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Selected Military Bibliographies

Bibliographies are a valuable aid to the book collector or researcher in knowing what is available in their subject area. The best are those that contain critical comment, such as Perkins and Falls, some are little more than check lists but are better than nothing in the absence of other reference material. We have listed here, with our own comments, some of the bibliographies available to the military reader. Those most frequently referred to in our book descriptions are indicated by an asterisk.

War Books: A Critical Guide by Cyril Falls, published by Peter Davies in 1930 (reprinted by Greenhill Books, 1989).*
A much admired critical bibliography of the First World War by a military historian who saw service on the Western Front with the Royal Inniskilling Fusiliers. His judgments are generally very sound and his turns of phrase quaintly charming. He awarded stars to books that he considered particularly well-written, to a maximum of three ("for a book of superlative merit").

The Revolt in India 1857-58: An Annotated Bibliography of English Language Materials by Janice M. Ladendorf, published by Interdocumentation Co., Zug, in 1966.* Remains the only serious bibliography of the Indian Mutiny and contains some useful guidance, although it does contain some errors or misinterpretations.

Regiments and Corps of the British Empire and Commonwealth 1758-1993: A Critical Bibliography of their Published Histories compiled and published by Roger Perkins, 1994.* Outstanding bibliography of the regiments of the British Empire including the old Indian Army, South, East and West Africa, Australia, New Zealand, Canada and so on. Roger Perkins enlisted the help of a significant number of expert correspondents and the result is a tour-de-force. Each book has a physical description and full bibliographical details as well as useful comments on the contents and research value.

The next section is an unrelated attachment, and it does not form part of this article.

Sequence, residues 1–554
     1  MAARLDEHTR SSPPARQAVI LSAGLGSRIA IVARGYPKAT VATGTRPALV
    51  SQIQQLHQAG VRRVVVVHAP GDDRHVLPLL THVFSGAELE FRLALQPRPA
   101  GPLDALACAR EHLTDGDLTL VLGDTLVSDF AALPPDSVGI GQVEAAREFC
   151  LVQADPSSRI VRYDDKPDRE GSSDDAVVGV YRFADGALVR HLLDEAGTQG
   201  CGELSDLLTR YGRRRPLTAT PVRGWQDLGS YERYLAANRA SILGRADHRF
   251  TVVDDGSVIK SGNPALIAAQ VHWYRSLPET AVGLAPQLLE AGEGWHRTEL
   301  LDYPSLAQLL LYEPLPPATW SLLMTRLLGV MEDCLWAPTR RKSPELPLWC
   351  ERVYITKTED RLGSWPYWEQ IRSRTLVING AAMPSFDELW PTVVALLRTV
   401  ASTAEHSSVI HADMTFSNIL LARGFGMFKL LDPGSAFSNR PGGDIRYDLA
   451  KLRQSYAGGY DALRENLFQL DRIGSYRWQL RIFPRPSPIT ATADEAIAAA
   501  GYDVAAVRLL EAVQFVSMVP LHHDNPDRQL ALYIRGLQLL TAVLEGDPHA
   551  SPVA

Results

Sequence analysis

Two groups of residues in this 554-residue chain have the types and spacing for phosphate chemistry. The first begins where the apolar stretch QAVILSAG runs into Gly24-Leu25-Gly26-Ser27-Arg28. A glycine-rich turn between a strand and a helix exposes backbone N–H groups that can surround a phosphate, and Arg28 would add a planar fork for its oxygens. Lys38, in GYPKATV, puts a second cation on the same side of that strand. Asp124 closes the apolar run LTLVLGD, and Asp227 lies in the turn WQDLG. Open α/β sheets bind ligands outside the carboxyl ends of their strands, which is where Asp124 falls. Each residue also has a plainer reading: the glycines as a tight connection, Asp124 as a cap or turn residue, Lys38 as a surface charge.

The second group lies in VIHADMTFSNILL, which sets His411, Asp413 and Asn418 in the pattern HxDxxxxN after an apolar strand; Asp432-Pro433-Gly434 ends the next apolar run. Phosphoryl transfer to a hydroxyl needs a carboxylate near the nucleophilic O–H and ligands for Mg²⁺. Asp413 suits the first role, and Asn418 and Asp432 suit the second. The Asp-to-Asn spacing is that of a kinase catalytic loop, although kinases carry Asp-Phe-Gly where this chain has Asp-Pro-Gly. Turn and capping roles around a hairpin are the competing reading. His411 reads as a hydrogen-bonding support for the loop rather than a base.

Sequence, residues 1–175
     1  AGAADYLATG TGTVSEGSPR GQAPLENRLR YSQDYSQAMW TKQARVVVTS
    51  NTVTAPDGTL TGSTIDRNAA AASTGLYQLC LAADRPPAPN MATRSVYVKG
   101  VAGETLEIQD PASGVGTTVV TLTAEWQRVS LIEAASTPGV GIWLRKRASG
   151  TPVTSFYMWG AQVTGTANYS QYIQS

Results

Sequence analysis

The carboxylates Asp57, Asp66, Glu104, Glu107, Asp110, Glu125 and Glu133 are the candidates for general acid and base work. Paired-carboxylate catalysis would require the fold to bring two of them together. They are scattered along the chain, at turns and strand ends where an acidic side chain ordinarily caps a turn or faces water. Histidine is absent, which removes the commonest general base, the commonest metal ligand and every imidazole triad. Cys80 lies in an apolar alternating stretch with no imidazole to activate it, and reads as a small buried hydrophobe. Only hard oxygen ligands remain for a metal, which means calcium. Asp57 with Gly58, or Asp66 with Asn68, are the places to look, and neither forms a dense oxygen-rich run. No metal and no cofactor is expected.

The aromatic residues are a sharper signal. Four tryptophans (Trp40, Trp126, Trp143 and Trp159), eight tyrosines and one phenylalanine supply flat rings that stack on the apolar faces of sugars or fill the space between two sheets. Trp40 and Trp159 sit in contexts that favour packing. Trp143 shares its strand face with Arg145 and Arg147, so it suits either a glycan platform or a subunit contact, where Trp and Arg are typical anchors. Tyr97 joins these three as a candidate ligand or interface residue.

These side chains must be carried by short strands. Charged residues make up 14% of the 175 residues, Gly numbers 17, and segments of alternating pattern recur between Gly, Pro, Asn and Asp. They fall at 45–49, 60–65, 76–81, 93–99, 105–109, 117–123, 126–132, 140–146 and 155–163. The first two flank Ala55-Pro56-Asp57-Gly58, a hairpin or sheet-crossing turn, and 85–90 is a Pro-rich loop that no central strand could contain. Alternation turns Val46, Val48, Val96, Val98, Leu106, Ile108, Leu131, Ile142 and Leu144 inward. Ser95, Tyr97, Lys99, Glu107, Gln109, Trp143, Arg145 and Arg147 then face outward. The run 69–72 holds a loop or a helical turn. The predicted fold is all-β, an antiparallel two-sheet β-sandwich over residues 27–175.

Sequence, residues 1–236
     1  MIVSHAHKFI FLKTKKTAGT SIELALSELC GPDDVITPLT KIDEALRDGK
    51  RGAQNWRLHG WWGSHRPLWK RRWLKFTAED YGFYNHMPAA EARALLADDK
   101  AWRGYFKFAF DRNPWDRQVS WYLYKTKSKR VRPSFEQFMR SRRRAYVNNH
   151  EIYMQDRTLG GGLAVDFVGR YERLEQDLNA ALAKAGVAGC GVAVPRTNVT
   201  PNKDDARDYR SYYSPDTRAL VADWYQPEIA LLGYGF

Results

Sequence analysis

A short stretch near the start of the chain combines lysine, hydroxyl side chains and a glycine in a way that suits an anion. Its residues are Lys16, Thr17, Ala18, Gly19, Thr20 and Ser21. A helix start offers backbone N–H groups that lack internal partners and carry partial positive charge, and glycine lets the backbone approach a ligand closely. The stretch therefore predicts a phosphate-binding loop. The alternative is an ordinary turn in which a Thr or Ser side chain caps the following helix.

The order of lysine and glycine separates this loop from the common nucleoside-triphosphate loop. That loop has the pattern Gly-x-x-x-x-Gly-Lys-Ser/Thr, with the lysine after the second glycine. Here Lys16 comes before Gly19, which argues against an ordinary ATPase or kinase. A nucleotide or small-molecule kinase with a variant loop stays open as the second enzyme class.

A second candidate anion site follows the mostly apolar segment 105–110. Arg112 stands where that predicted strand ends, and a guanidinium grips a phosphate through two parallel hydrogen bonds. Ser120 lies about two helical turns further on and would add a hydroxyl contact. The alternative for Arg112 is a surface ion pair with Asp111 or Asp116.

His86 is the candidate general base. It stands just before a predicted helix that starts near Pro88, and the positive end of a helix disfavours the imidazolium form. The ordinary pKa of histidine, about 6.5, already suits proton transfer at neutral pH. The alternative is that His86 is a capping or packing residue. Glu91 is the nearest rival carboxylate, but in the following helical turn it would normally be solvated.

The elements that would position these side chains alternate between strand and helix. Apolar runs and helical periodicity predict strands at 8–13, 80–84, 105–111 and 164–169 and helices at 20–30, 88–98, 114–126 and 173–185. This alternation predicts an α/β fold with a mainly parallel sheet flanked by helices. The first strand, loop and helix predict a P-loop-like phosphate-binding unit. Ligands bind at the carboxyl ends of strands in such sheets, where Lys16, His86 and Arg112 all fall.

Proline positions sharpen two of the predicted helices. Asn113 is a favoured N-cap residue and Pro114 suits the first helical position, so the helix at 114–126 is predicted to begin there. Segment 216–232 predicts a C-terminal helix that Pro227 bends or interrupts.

South African War Books compiled by R.G. Hackett and published by Peter de Lotz, 1994.* A fine record of works on the Boer War 1899-1902 published up to 1920. Contains several hundred superb colour or black and white illustrations, each with full bibliographical notes and a short comment on the subject matter, together with a check list of all pertinent works known to the compiler, i.e. just about everything anyone is likely to encounter.

The First World War and British Military History edited by Brian Bond and published by Clarendon Press, Oxford in 1991. Not strictly bibliography but a superlative collection of papers on the historiography of the War by distinguished contributors, covering a whole gamut of ground to explain how the modern perception of it has been reached; how the 'Historical Foundations' were laid by Liddell Hart, Edmonds & their contemporaries; how, in 'The Battle of the Memoirs' politicians & generals slogged it out in war & after; how the long dispute between Kitchener & French was carried on long after both were dead; how Haig's reputation has fared & much more of inestimable value for an understanding of the war and informed appreciation of the published works.